I guess my bottom line is that bonds are overvalued, most of the specialty equities reviewed in this series are probably fairly valued, and many ordinary stocks are seriously undervalued. I certainly would not advise an investor to create a portfolio made up of entirely of the kinds of stocks reviewed in this series. They have their place in a portfolio and I would advise an investor heavily overweight in bonds to consider some mortgage REITS, BDCs, equity REITs, some utility stocks, strong telcom stocks, and even - ahem - some Philip Morris International (NYSE:PM) as alternatives to bonds. But I would be less enthusiastic about switching from solid, blue chip stocks like the ones mentioned above to the stocks described in this series.

  1. Price - Price is critically important in evaluating the stocks discussed in this series. None of these stocks are "runaway" growth stories which can reward an investor regardless of the entry price. Most of them have limited growth potential - although equity REITs, telcom stocks, MLPs and some BDCs can rack up some solid growth if circumstances are rightly aligned, it is very unlikely that there will be an Apple (NASDAQ:AAPL) or Google (NASDAQ:GOOG) in any of the groups of stocks discussed in this series. On the other hand, very few of these companies will go out of business or fall into Chapter 11 bankruptcy (although there were a few REITs that went down in the recent financial panic). In a real sense, then, there is no "best" or even "better" group of these investments in a fundamental sense. It all depends on the price. MLPs may or may not be attractive compared to BDCs depending upon the price of each set of securities.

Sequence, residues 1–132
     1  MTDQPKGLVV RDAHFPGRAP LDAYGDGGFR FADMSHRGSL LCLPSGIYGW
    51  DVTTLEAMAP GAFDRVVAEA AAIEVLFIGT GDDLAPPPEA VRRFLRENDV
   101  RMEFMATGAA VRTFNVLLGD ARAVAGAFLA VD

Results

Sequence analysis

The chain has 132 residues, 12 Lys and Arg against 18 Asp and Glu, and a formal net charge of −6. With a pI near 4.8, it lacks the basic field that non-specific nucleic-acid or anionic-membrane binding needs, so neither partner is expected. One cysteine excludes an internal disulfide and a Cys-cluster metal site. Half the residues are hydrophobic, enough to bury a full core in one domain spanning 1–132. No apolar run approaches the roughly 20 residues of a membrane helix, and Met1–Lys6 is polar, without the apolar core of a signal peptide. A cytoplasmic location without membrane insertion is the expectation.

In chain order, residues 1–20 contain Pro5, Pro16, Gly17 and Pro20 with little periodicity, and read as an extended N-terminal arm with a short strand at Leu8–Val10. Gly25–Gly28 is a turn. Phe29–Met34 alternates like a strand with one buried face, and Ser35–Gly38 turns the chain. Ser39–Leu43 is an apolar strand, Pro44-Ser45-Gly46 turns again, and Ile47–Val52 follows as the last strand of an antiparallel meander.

In early 2009, American Capital (NASDAQ:ACAS) was one of most problematic BDCs in terms of leverage issues, asset write downs and lender terrorism. However, at a price below $2 a share, an investor was essentially buying a pool of debt instruments at a drastic discount. It may turn out in retrospect that Gramercy Capital (GKK) and RAIT Financial (NYSE:RAS) offer similar opportunities even as we speak. "Bad" companies can be good investments if the price is right. This is especially true for companies discussed in this series because very few of the "good" companies are going to be able to generate enormous growth in earnings or share price and very few of the "bad" companies will actually go out of business.

The agency mortgage REITS are an interesting special case here because they produce such enormous yields that an investor could withstand some price depreciation and still obtain an overall double digit return on his or her investment. For that reason, I like them here and would tend to load up on some of the names discussed in Part 2. Just remember that it is the U.S. Treasury that stands behind the agency securities that Annaly holds and, if the U.S. Treasury emerges as the next mega-deadbeat, look out below!!

As to the other groups, I believe an investor should constantly be looking for opportunities to buy on pull backs and should be attentive to finding the right entry point. Each of the groups discussed in the different parts in this series has a mix of growth potential, current dividend yield and downside risk. At this point, I tend to favor equity REITs, non-agency mortgage REITS, BDCs with growth potential, MLPs, AT&T (NYSE:T), Verizon (NYSE:VZ), and Phillip Morris International (PM) - in addition to agency mortgage REITs.

Disclosure: I am long INTC, PG, JNJ, KMB, COP, GKK, RAS, NLY, AGNC, PM, T, VZ, ACAS.